Here is a closeup of the yellow towel on the loom. I finished weaving the towels on Sunday in a crazy fit of shuttle throwing. I've been working on hemming them and will try to remember to post pictures on Monday. But we'll see how many brain cells are functioning.

Now, if only Halcyon would send my gamp kit, I will be a happy weaver.

My Darlings

Ok, no one asked for them, but you get them anyway. Pictures of the cats. Aren't you glad I don't have human children?

Gwen has that I'm-outta-here-any-second-now look. Simon's saying "what are you doing here?" Judy's just sleepin'. Like the happy little girl that she is.
It only took three years, but Gwen is in love with Len. Right before I got this picture, she had her head on his belly. She couldn't be in the same room with him for the first 6 months of our relationship, he wasn't allowed to touch her for a year. Now? My lap isn't good enough. As soon as Len sits down, there she is.

Wednesday, March 01, 2006

Many Books

Sorry about yesterday's post. That was painfully nerdy, even for me!

I had promised weaving at the end of yesterday's sucky post, but no, not today. I have excuses and I have towels, but no pictures. I don't even have my dumbass camera with me (which has, I'm sorry to tell you, a couple of really cute pictures of the motley crew) so I can't even post random pictures. Oh well. Tomorrow is another day...

So, how about some books instead?

I recently finished The Jane Austen Book Club by Karen Joy Fowler. Eh. It was entertaining enough, but I kept wanting more. It never really rose to Jane Austen's level of wit, or her incisive commentary on male-female relationships (romantic or economic). Fowler does something that really irritates me: most of her characters (and she seems to agree) find Jane Austen utterly perfect in every way. They get very snotty with the two characters who question some of Austen's writing choices. Now, I love Jane Austen as much as anyone, but Mansfield Park, anyone? And Fowler wraps her book up much too neatly. Everyone, including the cheating husband, wind up in happy relationships. Which is neither realistic, nor Austen-esque. I was left with a strong desire to read some Jane Austen again, so that's something.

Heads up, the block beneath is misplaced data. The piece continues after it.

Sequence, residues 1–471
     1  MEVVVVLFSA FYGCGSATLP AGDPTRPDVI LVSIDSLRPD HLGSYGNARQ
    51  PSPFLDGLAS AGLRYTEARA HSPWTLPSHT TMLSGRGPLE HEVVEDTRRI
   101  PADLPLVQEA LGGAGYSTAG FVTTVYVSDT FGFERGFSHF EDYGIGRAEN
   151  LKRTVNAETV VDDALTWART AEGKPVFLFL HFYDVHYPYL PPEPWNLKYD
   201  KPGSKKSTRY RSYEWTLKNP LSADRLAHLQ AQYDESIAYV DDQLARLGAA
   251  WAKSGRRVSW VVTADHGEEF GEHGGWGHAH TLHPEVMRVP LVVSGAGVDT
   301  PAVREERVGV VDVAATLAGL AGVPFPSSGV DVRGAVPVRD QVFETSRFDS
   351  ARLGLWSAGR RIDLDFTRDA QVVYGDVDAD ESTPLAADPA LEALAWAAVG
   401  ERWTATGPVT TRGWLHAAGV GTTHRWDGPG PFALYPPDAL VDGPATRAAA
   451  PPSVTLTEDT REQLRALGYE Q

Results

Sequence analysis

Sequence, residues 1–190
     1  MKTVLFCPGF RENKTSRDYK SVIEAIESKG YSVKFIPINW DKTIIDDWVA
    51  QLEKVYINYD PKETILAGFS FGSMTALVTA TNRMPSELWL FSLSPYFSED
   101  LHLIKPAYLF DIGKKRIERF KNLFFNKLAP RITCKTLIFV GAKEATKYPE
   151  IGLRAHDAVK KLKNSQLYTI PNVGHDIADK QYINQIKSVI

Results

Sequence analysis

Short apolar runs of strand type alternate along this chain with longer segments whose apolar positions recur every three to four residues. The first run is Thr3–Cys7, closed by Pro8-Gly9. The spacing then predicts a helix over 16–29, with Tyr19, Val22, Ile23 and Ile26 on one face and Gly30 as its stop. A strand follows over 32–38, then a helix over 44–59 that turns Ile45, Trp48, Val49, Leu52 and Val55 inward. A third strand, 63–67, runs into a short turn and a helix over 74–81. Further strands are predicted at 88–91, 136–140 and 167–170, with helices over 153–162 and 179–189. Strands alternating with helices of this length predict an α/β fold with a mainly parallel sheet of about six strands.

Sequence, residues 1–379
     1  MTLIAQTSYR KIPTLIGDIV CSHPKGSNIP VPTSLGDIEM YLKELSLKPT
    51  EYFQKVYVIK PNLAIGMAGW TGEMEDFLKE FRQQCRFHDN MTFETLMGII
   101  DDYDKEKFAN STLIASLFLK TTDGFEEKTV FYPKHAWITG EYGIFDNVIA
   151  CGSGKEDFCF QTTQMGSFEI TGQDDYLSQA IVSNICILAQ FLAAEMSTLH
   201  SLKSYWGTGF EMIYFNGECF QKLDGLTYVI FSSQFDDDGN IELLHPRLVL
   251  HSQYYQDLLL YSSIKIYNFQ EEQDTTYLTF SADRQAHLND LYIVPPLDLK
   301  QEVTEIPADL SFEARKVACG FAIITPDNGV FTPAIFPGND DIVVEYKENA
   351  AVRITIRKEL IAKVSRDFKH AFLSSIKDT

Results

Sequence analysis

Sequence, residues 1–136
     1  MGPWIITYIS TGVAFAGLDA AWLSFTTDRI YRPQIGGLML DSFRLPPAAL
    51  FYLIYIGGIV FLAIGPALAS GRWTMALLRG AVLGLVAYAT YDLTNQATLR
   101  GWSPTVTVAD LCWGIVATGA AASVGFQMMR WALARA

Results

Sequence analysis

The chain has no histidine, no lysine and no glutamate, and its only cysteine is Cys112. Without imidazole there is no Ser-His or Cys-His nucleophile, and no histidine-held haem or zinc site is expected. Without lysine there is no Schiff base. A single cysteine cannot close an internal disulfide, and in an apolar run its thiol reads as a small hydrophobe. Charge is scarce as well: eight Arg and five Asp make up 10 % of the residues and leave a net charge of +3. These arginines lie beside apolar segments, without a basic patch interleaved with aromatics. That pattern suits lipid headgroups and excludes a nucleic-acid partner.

I also read The Prize Winner of Defiance, Ohio by Terry Ryan. This isn't so much a memoir as a tribute to the author's mother, who raised 10 kids under some pretty difficult conditions. It's a lovely book. There are so many My-Childhood-Was-Fucked-Up* books out there (and she could have written it from that angle), that it was a relief to read one that, at it's core, is a story of perseverance and optimism. And an aggressive chicken, who believes it's a cat.

And David Sedaris' Dress Your Family in Corduroy and Denim. It's worth it just for the Dutch Christmas story. So. Funny. He's really an amazing writer.

Now I am onto White Teeth by Zadie Smith and Conspiracy of Fools by Kurt Eichenwald. Both of which are quite dense so I don't expect to finish either of them soon.

*No, I have not read Running With Scissors. I tried, but I really can't cope with stories of ill treated children. Even if the child grew up to be the author of the book. I didn't see March of the Penguins for the same reason. Babies die. I can't look.